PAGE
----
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Financial Advisors/Leaders: Improve Team Delegation. Pass the Baton.

By ClientWise | July 9, 2013

As the leader of a financial advisory team, or as a financial advisory working within a team, effective delegation is a valuable (and learned) skill. Not only does better delegation free up space on your proverbial plate, it quite possibly leads to better outcomes and results for the team as a whole.

Actually, when you delegate to others, there are three likely consequences. All of them good ones.


  1. Their solution is better than yours. (Nice!)
  2. Their solution is equivalent to yours. (Nicer! Because you didn’t have to do it.)
  3. It’s not as good as you expected. (Not bad either. After taking the time to teach/coach your teammate up to your expectations and what to do differently next time, you’ll have learned more about this person and they’ll have learned something from you.)


Barriers to Delegation

Here's the thing. The biggest barrier to better team delegation may have an obvious fix. It might be you.

Are you not delegating as much as you should, or would like to?  The good news is that these barriers to delegation are often perceptual. To overcome these barriers, you must first identify them.

Do any of the following points ring a bell?

  • Not Enough Time. One of the biggest barriers to delegation is the perception that you do not have enough time to either adequately explain the task or teach your team member the skills necessary for a delegated task. Even though it may take you less time to complete that task now where does that put you the next time the task must be completed? This feeling is paradoxical, because one of the main benefits of delegation is saving time.
  • Losing Control. People new to delegation often feel as though they are giving up their control. It is a little frightening to allow a team member to complete a task for which you are ultimately responsible. Communicating with those to whom you've delegated frequently to check the progress of the task can help decrease this fear and give you some sense of control.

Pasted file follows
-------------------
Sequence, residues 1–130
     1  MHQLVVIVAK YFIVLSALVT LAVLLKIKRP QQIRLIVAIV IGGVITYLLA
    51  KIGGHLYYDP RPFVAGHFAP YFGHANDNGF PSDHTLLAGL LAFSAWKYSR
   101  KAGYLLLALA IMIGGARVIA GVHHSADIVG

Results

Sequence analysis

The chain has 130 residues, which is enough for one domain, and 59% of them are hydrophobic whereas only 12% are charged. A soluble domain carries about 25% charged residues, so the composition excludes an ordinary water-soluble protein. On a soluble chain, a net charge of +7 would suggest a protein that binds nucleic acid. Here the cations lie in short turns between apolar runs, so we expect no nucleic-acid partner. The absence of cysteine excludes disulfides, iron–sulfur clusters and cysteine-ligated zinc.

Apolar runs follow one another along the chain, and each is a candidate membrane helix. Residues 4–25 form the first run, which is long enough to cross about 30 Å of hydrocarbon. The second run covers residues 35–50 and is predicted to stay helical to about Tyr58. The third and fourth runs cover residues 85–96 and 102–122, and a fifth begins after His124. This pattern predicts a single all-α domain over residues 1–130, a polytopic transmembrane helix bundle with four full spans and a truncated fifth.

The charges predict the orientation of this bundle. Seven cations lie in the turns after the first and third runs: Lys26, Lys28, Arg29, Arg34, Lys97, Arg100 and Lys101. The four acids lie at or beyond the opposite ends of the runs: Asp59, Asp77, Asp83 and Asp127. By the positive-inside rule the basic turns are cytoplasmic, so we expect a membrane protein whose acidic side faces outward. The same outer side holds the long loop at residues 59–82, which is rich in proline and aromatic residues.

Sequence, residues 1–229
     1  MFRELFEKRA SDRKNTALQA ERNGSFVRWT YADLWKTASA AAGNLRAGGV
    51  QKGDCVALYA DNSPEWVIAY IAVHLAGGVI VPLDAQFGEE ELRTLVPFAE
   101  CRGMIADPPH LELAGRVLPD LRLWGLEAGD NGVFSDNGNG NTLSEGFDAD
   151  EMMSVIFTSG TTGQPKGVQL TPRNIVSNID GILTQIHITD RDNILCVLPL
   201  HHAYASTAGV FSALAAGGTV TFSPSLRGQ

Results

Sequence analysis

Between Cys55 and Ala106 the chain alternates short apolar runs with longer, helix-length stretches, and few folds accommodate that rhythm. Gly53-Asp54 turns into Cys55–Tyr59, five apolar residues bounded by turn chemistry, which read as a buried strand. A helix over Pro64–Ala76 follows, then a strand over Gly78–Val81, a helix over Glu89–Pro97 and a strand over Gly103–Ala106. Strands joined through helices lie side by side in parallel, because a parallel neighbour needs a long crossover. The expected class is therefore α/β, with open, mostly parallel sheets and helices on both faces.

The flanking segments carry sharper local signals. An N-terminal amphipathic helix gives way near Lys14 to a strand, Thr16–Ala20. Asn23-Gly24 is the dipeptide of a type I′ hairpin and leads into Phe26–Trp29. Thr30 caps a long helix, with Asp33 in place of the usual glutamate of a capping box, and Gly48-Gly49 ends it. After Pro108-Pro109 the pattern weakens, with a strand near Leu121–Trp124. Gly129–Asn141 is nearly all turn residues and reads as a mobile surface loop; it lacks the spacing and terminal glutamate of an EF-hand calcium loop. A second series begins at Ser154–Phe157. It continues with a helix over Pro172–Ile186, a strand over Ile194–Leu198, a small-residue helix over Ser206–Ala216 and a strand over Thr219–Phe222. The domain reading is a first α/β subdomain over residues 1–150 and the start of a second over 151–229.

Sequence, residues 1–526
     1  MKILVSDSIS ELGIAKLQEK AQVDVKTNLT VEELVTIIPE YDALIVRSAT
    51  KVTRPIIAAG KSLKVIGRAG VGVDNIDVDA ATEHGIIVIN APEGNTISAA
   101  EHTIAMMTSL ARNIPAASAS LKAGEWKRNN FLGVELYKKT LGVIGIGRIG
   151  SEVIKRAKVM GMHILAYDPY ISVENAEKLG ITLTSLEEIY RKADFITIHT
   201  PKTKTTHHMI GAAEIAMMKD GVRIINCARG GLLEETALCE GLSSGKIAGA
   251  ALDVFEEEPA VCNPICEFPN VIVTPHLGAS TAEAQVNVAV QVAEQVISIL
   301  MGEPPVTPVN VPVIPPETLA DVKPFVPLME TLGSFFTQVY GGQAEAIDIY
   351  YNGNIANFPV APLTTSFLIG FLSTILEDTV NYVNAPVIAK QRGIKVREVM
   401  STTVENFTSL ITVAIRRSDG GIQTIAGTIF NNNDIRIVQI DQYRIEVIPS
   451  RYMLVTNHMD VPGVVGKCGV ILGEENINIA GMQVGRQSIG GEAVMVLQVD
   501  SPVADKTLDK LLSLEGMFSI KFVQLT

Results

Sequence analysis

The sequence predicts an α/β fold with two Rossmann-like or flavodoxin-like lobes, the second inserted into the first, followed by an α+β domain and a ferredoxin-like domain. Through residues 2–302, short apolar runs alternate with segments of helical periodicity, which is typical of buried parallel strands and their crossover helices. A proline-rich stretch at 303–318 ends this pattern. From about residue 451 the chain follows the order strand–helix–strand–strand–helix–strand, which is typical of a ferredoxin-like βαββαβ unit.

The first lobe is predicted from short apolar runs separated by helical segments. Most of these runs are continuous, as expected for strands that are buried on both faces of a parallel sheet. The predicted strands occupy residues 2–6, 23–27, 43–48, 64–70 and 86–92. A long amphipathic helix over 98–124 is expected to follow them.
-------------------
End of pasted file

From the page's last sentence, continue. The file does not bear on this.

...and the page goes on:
• Not Getting Credit. Some leaders feel that if they do not complete the task, they will not get credit. As your team grows, it’s important to learn to share the credit with others, especially your team members. Remember, the better your team looks, the better you look.
  • Losing Tasks You Enjoy. You may occasionally have to delegate tasks that you enjoy doing. Remember, as a leader your job is to ‘think big,’ not to be bogged down in recurring tasks. Seeing others succeed because of your coaching will also be enjoyable.
  • You Can Do it Better. You may think that you are the only person who can complete the job successfully. Especially because you and your team are part of a prestigious scholarship program, that is probably not true. Your teammates are highly capable!
  • No Confidence in Team Members. Some leaders resist delegation because they don’t have faith in their team members. If this is true of you, start by taking small risks. Early successes will encourage you to delegate more. Learn to see the potential in your team and make sure that you have adequately prepared your team members for the tasks you assign. The more prepared they are, the less worried you will be.


Coaching Questions: 

  1. Within your team, where could delegation be most improved?
  2. If these changes were made, how can you see the team working differently?
  3. What issues, learning, gaps, strengths...does the team need to discuss in order to improve delegation?
  4. What are the next steps?


We trust this helps.

One way to identify your blind spots with respect to delegation, or to improve delegation skills overall, is to work with a credentialed coach. Learn more by downloading the following ClientWise complimentary white paper:


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Topics: Team Development

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